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Monday, 11 September 2017
Page: 6784

Senator LEYONHJELM (New South Wales) (13:27): Bring back the bulb. In 2007 the Prime Minister, who was then the environment minister, banned incandescent light bulbs. When he thought this up, a little light bulb did not appear above his head, because it was not a bright idea. Then Minister Turnbull admitted that compact fluorescent globes would cost around 10 times more than the humble light bulb, but he said they would last around 10 times longer. Experience over the last decade suggests this was wishful thinking. Bring back the bulb and let the people decide what they want. Unfortunately, the bills before us today, the Product Emissions Standards Bill 2017 and a couple of associated bills, suggest that the bulb is not coming back. These bills empower the minister to ban certain products of his choosing. They also empower the minister to tax certain products of his choosing so as to pay for this regime of bans. The bans are to meet an objective of improving air quality or contributing to Australia meeting its climate change obligations. The Liberal Democrats oppose these bills.

The objective of improving air quality is an important one and on occasion may best be achieved by banning products that generate noxious fumes in our cities. But we should not have a policy objective of reducing Australia's greenhouse gas emissions while most of the 14 countries that emit more than Australia continue to rapidly increase their greenhouse gas emissions. Even if we were to have an objective of reducing Australia's greenhouse gas emissions, assuming these other countries have something similar, this objective should not be pursued by banning products. If we are to have this objective, we should pursue it by treating more emissions-intensive products more harshly on a sliding scale. This would provide more freedom of choice and consumer satisfaction for any given impact on emissions compared to the crude black-and-white approach of bans.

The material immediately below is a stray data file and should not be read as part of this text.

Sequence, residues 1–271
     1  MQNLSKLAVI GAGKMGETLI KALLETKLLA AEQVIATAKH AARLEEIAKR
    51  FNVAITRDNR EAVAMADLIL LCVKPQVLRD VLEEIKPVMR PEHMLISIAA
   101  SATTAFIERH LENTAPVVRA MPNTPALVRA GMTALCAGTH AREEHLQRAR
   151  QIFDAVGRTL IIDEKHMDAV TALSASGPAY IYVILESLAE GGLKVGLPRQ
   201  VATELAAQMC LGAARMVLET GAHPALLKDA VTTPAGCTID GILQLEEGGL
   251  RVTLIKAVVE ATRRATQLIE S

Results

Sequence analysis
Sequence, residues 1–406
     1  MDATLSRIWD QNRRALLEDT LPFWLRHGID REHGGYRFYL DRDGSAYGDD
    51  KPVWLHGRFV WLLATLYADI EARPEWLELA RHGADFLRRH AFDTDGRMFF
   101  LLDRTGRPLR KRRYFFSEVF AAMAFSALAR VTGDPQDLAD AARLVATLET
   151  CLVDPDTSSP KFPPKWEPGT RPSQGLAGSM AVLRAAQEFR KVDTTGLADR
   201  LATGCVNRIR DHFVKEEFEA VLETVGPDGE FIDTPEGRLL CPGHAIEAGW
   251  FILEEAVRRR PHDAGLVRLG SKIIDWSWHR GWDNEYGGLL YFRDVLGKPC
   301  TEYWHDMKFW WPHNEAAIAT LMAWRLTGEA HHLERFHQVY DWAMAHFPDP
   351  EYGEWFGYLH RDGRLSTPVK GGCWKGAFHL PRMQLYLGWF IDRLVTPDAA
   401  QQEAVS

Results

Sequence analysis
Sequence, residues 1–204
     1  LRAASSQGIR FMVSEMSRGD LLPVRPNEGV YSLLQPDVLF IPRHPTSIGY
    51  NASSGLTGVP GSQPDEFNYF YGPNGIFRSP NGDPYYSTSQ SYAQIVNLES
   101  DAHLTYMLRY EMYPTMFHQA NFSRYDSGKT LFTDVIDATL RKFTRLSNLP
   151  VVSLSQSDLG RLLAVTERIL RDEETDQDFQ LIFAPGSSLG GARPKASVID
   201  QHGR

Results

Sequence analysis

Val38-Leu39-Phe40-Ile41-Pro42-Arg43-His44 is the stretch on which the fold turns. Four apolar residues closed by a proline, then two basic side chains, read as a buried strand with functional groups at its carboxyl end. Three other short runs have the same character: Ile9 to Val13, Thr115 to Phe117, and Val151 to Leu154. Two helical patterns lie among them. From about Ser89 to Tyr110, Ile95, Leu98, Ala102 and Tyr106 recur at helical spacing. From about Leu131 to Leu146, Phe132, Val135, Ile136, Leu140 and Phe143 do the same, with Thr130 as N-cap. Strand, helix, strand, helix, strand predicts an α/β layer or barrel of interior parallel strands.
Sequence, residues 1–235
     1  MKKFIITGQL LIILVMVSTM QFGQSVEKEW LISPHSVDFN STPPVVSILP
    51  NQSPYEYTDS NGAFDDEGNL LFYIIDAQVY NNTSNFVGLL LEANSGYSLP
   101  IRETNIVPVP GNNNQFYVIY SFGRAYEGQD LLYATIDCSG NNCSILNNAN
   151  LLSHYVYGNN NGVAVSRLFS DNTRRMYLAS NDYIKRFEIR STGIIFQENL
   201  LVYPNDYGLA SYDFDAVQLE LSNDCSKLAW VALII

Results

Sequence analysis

There are further reasons to oppose these bills. They empower a minister rather than the parliament to instigate bans. If importers import a banned product, they face a fine of up to $12,600, even if they didn't know about the ban, and there is no reason that they should have known about it. This is yet another instance of dodgy law known as strict liability. The minister is planning to use these laws to ban the outboard motor on my dinghy, but the only person who breathes in these fumes is me, and I quite like them. Please don't let the bad man take away my outboard!